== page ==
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Actually, GDPR only requires that any links from the data to the user should be destroyed, so that you can no longer figure out who created the data.

Not in this case, because if the photos or videos contain recognisable people then they are themselves personal data.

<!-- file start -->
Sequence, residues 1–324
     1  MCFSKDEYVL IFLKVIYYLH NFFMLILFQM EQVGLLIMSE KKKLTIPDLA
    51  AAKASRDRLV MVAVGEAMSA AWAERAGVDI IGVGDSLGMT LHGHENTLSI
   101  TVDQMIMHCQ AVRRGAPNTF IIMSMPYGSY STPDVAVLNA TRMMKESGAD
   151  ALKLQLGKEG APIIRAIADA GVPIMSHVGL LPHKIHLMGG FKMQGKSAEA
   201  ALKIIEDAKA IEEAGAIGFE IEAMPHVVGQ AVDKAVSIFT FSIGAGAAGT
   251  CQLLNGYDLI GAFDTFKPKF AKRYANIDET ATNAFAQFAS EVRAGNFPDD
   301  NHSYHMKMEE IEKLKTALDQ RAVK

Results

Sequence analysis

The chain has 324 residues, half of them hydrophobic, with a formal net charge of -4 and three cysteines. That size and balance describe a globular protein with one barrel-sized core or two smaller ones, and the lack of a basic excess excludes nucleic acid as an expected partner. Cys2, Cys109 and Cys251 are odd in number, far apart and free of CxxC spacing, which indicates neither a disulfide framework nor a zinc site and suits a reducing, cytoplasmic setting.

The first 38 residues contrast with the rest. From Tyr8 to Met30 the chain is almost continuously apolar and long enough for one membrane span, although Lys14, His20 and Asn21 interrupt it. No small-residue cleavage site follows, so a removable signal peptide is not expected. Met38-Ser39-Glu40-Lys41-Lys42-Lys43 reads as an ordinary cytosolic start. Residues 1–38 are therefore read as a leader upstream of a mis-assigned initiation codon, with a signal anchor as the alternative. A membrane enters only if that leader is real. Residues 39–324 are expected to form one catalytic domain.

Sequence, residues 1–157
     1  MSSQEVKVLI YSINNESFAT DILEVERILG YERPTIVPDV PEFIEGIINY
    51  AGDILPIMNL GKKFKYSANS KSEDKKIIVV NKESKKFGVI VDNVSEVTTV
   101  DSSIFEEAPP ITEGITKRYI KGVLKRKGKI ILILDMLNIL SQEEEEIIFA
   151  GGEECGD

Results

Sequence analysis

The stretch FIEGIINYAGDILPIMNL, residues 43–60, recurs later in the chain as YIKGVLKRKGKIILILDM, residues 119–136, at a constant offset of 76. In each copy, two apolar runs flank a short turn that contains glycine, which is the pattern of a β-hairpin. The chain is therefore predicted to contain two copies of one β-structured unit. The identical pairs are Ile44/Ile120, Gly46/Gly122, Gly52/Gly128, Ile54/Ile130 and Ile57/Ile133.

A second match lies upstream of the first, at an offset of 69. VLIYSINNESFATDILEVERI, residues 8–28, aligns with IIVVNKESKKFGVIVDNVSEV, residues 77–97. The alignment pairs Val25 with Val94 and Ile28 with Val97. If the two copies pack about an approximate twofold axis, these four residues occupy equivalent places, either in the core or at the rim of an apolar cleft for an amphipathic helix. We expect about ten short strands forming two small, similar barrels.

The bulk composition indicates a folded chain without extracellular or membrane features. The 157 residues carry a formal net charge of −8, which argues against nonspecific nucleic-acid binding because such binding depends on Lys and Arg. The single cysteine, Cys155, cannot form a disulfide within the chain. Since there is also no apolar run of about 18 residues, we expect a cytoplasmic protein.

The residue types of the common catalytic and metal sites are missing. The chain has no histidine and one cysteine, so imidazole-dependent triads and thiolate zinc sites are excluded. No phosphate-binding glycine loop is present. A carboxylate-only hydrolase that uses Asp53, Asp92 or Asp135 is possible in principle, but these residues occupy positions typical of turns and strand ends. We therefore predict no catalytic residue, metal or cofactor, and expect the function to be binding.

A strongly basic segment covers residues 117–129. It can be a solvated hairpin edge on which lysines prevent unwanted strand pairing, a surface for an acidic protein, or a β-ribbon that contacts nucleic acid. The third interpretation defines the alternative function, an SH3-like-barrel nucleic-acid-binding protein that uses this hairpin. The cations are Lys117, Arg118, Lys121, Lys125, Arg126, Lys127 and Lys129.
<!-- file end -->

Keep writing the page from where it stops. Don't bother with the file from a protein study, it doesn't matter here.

How far the new subjects rights involving data deletion will go in practice is one of the biggest unknowns with the GDPR. Clearly from a technical point of view we understand that deleting a key isn't the same as deleting data from a disk, and often that would also include deleting a file in a filesystem if the underlying storage isn't robustly wiped as well. Throw in the kinds of distributed architecture, redundancies and backup systems that many organisations use, particularly in the era of cloud-based hosting and off-site backup services, and you have an unfortunate conflict between not truly deleting data (and therefore still having some degree of risk that the data will leak even if it's intended to be beyond use, contrary to the spirit and possibly the letter of the new regulations) and potentially high or even prohibitive implementation costs to ensure robust deletion of all copies of personal data when a suitable request is received.




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